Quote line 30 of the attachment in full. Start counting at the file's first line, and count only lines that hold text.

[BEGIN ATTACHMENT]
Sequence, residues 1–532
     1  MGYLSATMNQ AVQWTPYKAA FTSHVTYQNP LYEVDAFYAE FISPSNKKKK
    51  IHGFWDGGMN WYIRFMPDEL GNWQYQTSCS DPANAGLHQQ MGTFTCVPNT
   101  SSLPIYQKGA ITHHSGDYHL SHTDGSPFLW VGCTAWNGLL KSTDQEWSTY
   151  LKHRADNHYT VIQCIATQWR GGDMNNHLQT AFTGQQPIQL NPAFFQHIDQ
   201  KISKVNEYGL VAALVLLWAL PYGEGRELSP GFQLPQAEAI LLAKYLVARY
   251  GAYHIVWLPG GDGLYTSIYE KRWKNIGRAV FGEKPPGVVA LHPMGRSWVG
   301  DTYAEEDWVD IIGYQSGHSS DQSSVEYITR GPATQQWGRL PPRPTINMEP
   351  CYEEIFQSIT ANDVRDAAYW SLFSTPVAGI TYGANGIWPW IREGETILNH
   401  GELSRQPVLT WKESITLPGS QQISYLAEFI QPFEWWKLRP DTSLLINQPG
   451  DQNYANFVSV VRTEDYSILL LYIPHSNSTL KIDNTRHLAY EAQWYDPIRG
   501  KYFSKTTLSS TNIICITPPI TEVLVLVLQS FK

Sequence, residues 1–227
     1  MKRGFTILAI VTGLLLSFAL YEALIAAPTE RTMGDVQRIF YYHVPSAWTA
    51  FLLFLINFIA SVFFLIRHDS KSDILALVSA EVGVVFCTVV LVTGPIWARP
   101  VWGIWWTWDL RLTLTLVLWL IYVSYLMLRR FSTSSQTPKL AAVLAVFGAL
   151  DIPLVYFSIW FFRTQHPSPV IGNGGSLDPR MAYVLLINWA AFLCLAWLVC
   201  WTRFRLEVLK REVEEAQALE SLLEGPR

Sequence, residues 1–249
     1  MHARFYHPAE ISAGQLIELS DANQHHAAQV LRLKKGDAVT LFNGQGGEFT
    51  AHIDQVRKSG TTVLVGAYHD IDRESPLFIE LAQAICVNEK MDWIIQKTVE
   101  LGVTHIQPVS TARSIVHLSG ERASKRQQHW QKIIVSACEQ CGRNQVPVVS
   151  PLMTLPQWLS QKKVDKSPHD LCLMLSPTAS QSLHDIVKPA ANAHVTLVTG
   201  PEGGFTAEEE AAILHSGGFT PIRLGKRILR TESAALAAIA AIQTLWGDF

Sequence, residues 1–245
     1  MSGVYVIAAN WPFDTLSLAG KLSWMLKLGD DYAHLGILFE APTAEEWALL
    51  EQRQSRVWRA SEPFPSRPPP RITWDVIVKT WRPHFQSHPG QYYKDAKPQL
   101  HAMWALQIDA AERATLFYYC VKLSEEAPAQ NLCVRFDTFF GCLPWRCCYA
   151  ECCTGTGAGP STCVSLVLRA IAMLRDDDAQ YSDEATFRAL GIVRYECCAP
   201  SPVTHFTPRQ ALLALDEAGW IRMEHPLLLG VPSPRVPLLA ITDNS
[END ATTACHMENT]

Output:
   201  SPVTHFTPRQ ALLALDEAGW IRMEHPLLLG VPSPRVPLLA ITDNS